Building Chocolate Doom on Windows

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Chocolate Doom on Windows

Chocolate Doom is built on Windows using the MSYS2 build environment. Windows developers may find this unusual as Microsoft Visual Studio is often considered the "standard" compiler for that platform. MSYS2 provides a Unix-like development environment that is the same as other platforms, so the build system and compiler (autotools, make, gcc) are identical for every operating system that Chocolate Doom runs on. Using MSYS2 also means that Chocolate Doom is not dependent on a proprietary tool.

Building using MSYS2 is not difficult. However, MSYS2 is a Unix-like environment, so if you are not familiar with using a Unix command line, or find these instructions confusing, it may be a good idea to do some basic reading about how to use one. If you have used DOS or the Windows command line in the past you will find that things are fairly similar.

Developers who are unhappy with this arrangement can use the alternative build project files to compile using either Microsoft Visual Studio or Code::Blocks. However, be aware that these project files may be out of date, and the "canonical" way of building Chocolate Doom is using MSYS2.

Installing MSYS2[edit]

Platform note: MSYS2 requires Windows Vista or newer to run, but the executables produced will be able to launch on Windows XP.

The first step is to install MSYS2. MSYS2 has a graphical setup wizard that makes setting it up easy: simply download and run msys2-x86_64-*.exe from the website. If you use a 32-bit system, use msys2-i686-*.exe instead.

If you already have MSYS2 installed, you can skip the (re)installation but make sure that your packages are up to date with the pacman -Syu command.

On a fresh installation, please check the MSYS2 website carefully for immediate update information, the gist should be:

  1. Run pacman -Syu, this will grab only a few updates including pacman itself, type y at the prompts to resolve conflicts. It will print a warning to close MSYS2 without exiting to shell first. Closing the MinTTY terminal window does not seem to always work, so use Task Manager (Ctrl-Shift-Esc) to do an "End Process" on mintty.exe, bash.exe, and pacman.exe.
  2. Re-open the MSYS2 terminal, using the start menu/screen shortcut, and run pacman -Syu once more. This should receive even more updates available for your MSYS2 environment, and should complete the first step.

Installing build dependencies[edit]

There are two main compiler options available for building with MSYS2, mingw-w64-i686 for building 32-bit Windows executables, and mingw-w64-x86_64 for building 64-bit Windows executables. Both should work, but since 64-bit does not provide any benefits to Chocolate Doom and 32-bit executables will run on any 32- or 64-bit version of Windows starting from XP onwards, we will prefer the 32-bit build.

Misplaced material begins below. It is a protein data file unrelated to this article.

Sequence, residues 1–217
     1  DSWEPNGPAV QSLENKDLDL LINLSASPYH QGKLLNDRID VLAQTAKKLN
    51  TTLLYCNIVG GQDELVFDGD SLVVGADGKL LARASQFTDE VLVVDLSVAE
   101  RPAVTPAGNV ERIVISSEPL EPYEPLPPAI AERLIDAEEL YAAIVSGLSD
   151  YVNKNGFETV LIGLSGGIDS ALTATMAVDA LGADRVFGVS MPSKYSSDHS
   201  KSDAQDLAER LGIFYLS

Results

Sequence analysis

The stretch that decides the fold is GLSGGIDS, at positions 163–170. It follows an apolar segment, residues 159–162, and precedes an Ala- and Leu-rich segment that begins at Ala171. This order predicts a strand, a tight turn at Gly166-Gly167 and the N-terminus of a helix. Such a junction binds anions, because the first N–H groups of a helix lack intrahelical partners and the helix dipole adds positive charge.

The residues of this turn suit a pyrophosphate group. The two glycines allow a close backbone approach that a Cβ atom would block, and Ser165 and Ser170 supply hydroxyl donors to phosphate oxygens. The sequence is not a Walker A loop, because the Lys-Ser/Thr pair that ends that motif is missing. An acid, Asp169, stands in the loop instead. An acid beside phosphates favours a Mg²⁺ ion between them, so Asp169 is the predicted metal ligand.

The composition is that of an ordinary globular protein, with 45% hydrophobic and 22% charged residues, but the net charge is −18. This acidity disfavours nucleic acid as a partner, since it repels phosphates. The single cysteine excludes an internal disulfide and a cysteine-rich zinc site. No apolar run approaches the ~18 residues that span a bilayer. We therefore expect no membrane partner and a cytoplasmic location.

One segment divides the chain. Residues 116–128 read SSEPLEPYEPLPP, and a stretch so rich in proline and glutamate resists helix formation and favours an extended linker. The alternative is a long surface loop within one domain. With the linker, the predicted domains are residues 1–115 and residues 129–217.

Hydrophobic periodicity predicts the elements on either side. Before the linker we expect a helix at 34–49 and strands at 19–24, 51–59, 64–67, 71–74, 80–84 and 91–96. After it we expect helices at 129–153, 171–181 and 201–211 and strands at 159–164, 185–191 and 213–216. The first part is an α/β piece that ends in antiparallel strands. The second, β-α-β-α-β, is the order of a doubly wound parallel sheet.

The Chocolate Doom build has a few dependencies, basic ones for any software development at all are in the base-devel and msys2-devel groups, the MinGW toolchain is available in the mingw-w64-i686-toolchain group, press enter at the prompts to select all packages in these groups. Additional dependencies include SDL2, libpng, libsamplerate, python, and zip; git should be installed so the GitHub repository can be cloned. All together, the command to install everything should be:

pacman -S base-devel msys2-devel \
       mingw-w64-i686-{toolchain,SDL2{,_net,_mixer},libsamplerate,libpng} \
       python zip git

Clone the Git repository[edit]

Technically optional, since you can download a release tarball too, but Git is extremely handy if you will be making modifications and keeping track with current development:

git clone
GEBB cover.png For a good introductory guide to the Doom source code, check out the Doom Game Engine Black Book!

Compiling Chocolate Doom[edit]

At this stage, you must use the appropriate MSYS2 terminal (mingw32.exe or mingw64.exe) so that the $PATH environment variable points to the proper toolchain, for the mingw-w64-i686 toolchain (32-bit), use the MSYS MinGW 32-bit start menu/screen shortcut, and your prompt will reflect it with MINGW32 printed as part of it. If this is not in your current prompt, just run the new terminal from the shortcut.

Change to the chocolate-doom directory:

 cd chocolate-doom

The Git repository does not include autoconf and automake generated files, use the script to do so, as well passing in the compiler host triplet:

./ --host=i686-w64-mingw32

If you already have a ./configure script, you can replace ./ with it.

Assuming that no errors occured in the configure stage, you should be ready to compile all the EXEs:


After this is done, you still won't be able to run the Chocolate EXEs directly from the src directory, as they will be linked against DLLs not present in the folder. Instead, change to the pkg/win32 directory to build Windows release zips:

cd pkg/win32

Result and running[edit]

If the build is successful, you should not have any errors from the make command, and the pkg/win32 directory should have some staging folders and zip files.

Browse to this directory with Windows Explorer, usually at a path such as C:\msys64\home\$User\chocolate-doom\pkg\win32, and you can either extract the zip files to another location, or run directly from one of the staging-* folders, which contain all DLL files necessary to launch.

Modifying the source code[edit]

If you want to make your own mods to the Chocolate Doom source, go to ~/chocolate-doom. The source code is in the src directory; type make to build the code after making any mods.

Keeping up to date[edit]

If you have compiled the latest version from Git, you may want to keep up to date with new developments and bug fixes. To update to the latest version, go to ~/chocolate-doom and type:

git pull

See also[edit]